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September 16, 2012 / jhsaeger

Scoring Autumn: The Music of NFL Films

     More than any other sports league, the National Football League owes a debt of gratitude to the creative minds that were responsible for the presentation of the sport. The hallowed productions of NFL Films, based out of Mount Laurel, New Jersey, have helped to deify the history of the game. Without the production company, it is less likely that Bart Starr rumbling across the frozen tundra of Lambeau Field or a mud slung title game in 1949 Los Angeles would be so ingrained in the annals of 20thCentury Americana.
    A significant factor in the successful presentation of NFL Films stems from their in-house orchestra. Once helmed by Sam Spence, David Robidoux, and Tom Hedden, the orchestra has created a litany of music that provided a soundtrack for football and so many crisp autumn afternoons. From the adrenalized rush of “Heroes of War” to the clamoring bells of “A New Game” and the psychedelic nature of “The Linemen,” the music of NFL Films is as integral a part of the game as Johnny Unitas. After all, can you see the Joe Montana passing to Dwight Clark without the typical dramatic strings and muscular percussion entering somewhere into the picture?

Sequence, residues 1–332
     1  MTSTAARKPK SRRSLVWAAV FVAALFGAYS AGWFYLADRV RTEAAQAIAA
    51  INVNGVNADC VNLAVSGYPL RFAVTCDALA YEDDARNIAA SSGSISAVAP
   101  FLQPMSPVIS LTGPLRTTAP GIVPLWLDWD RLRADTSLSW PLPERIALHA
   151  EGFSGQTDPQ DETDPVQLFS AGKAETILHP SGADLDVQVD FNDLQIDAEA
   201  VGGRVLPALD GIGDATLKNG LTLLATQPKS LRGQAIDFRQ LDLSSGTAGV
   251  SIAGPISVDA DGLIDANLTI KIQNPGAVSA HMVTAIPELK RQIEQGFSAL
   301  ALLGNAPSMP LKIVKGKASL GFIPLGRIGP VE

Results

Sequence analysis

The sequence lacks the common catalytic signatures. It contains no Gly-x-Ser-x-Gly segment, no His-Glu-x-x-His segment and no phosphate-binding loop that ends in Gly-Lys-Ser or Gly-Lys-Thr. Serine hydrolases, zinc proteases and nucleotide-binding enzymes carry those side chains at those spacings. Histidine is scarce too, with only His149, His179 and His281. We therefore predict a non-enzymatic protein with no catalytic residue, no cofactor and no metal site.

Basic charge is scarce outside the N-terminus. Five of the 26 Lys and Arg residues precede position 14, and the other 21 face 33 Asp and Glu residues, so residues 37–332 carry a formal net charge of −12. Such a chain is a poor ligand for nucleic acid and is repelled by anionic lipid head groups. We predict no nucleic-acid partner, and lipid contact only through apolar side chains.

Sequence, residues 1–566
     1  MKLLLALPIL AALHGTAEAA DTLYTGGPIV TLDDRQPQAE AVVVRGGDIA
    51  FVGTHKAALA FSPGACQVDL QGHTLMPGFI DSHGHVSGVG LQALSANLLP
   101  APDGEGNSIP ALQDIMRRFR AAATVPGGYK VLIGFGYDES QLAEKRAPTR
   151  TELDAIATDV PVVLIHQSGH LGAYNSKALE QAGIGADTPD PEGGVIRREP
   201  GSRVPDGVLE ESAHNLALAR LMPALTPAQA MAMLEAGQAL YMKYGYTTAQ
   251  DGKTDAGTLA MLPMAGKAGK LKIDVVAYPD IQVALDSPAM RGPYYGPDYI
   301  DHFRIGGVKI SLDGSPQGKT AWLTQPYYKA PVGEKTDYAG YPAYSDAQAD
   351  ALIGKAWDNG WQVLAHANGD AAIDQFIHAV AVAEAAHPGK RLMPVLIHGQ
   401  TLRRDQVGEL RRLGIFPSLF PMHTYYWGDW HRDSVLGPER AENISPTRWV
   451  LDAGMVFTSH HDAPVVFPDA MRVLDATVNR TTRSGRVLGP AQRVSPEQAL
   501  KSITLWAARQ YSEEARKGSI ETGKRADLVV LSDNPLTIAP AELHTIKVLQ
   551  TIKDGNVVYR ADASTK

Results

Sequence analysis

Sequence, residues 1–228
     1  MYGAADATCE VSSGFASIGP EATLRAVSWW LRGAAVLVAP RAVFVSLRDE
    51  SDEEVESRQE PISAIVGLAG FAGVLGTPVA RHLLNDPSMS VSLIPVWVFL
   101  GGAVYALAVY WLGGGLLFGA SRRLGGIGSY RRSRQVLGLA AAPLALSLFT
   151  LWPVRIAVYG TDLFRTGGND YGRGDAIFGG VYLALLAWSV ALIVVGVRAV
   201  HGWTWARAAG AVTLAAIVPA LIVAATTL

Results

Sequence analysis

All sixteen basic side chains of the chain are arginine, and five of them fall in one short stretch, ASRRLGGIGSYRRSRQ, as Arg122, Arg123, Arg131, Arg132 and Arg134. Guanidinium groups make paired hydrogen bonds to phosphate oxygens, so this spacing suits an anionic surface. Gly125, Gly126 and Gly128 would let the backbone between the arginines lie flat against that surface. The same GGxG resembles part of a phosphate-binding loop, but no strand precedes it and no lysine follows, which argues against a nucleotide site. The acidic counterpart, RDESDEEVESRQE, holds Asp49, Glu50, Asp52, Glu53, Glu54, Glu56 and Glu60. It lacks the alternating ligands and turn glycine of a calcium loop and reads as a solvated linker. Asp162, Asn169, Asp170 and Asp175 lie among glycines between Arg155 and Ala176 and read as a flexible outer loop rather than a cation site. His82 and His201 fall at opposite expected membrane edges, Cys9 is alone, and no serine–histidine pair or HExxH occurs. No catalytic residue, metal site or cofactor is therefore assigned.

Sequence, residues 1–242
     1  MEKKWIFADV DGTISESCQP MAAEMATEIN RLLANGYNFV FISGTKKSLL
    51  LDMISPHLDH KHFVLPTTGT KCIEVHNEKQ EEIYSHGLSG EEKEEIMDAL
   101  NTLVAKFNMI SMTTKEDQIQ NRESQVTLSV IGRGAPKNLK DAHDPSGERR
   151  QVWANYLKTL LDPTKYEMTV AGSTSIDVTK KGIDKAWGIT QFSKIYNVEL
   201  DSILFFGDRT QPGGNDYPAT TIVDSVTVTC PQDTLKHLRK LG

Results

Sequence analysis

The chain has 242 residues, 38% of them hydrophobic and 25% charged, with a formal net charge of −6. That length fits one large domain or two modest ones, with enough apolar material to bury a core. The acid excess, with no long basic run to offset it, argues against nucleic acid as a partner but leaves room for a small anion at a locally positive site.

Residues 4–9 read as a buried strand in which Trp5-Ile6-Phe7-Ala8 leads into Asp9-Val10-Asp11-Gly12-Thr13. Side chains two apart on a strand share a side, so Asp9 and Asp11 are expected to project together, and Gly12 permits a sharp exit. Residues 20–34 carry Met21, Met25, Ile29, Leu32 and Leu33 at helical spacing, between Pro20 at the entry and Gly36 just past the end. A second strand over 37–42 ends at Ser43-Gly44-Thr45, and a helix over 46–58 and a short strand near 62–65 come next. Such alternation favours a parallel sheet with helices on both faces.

The Famous “Roundup” from Sam Spence:

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